Panevėžiukas is a settlement to the north of Kaunas district, on the right bank of the Nevėžis River where it meets the Striūna River – 2 km away from the Vilnius-Kaunas-Klaipėda highway and 6 km north of Babtai. The complex of buildings of the Church of the Crucified Jesus in Panevėžiukas stands out there. The church is characterised by a unique triangular plan, the interaction of a Baroque exterior with details of ethnic architecture, a restrained interior dominated by decorative elements typical of folk Baroque and Classicism, and original space-invigorating details.
Archaeological excavations near Panevėžiukas uncovered a 5th to 8th-century cemetery that was unfortunately destroyed in 1928–1929.
Samogitia, the Babtai area and Panevėžiukas legally belonged to the Teutonic Order from the 14th century. The left side of the Babtai region, along with Panevėžiukas, returned to Lithuania after the 1410 victory in the Battle of Grunwald, though it remained administratively subordinate to the Samogitian eldership.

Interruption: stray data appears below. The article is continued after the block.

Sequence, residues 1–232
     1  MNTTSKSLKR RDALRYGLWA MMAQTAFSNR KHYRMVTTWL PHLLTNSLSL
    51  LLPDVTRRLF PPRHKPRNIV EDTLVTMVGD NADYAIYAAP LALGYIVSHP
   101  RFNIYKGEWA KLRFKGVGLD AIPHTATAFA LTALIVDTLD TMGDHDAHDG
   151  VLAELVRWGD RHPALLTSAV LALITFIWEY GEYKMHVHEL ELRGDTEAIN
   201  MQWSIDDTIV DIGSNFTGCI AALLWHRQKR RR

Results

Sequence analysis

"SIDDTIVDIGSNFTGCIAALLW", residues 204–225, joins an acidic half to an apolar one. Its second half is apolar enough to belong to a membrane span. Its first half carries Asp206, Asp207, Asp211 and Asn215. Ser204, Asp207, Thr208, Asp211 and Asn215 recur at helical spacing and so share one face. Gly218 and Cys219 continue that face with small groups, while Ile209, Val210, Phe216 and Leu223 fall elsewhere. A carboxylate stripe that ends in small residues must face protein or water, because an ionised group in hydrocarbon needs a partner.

Panevėžiukas is located 2 km northeast of the Žemaičiai highway, at the confluence of the Strebukas and Striūna rivers on the right side of the Nevėžis Valley. Our ancestors transported goods, travelled and went on military expeditions on the Nevėžis River. In the 16th century, the law forbade the damming of the Nevėžis with water mills to avoid hindering shipping. The Panevėžiukas Manor was mentioned in historical sources for the first time in 1544. Inventory taken in 1685, when the widow Sofija Bilevičienė sold the manor to Sirutis, gives us an idea of what the homestead was like in the 17th and 18th centuries. At that time, all the huts were of the wooden countryside type, where some doors and windows had iron fittings. The dwelling house itself was made of pinewood. More important reconstructions of huts took place in the 18th century, during the reign of Siručiai, because in the 19th century some buildings were already classified as old. In 1885, Anupras Koreva founded a brick factory and in 1900 the reconstruction of the farm and industrial buildings at the Panevėžiukas Manor began.